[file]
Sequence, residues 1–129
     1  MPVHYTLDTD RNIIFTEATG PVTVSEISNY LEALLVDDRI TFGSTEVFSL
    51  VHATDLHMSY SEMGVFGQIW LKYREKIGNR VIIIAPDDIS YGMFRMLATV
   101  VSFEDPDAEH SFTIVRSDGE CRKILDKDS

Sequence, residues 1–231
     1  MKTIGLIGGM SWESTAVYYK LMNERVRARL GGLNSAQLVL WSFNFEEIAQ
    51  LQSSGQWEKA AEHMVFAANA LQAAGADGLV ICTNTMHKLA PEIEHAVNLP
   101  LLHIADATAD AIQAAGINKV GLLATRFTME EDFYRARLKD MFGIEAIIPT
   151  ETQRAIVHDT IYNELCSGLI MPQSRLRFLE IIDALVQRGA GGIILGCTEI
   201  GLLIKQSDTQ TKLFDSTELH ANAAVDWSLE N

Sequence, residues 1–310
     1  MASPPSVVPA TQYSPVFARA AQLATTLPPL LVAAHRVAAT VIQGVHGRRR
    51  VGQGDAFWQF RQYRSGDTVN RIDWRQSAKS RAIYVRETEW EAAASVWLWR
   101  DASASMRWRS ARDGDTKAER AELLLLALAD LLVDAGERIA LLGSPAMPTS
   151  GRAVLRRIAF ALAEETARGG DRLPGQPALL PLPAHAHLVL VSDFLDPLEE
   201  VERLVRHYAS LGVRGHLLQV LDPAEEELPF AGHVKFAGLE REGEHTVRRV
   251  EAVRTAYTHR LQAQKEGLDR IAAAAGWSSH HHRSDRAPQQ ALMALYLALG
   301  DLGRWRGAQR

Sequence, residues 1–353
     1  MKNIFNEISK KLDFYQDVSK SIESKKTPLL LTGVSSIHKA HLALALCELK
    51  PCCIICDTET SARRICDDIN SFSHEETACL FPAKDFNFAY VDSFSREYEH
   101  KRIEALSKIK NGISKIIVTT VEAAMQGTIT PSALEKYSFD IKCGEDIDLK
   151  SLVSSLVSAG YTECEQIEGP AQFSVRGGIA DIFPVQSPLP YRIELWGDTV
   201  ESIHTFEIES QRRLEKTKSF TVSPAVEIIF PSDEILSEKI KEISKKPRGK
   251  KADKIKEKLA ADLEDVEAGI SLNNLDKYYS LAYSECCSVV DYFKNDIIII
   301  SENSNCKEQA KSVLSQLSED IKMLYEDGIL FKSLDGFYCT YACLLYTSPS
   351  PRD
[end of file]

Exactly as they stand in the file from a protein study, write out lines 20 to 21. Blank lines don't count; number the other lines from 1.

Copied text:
     1  MKNIFNEISK KLDFYQDVSK SIESKKTPLL LTGVSSIHKA HLALALCELK
    51  PCCIICDTET SARRICDDIN SFSHEETACL FPAKDFNFAY VDSFSREYEH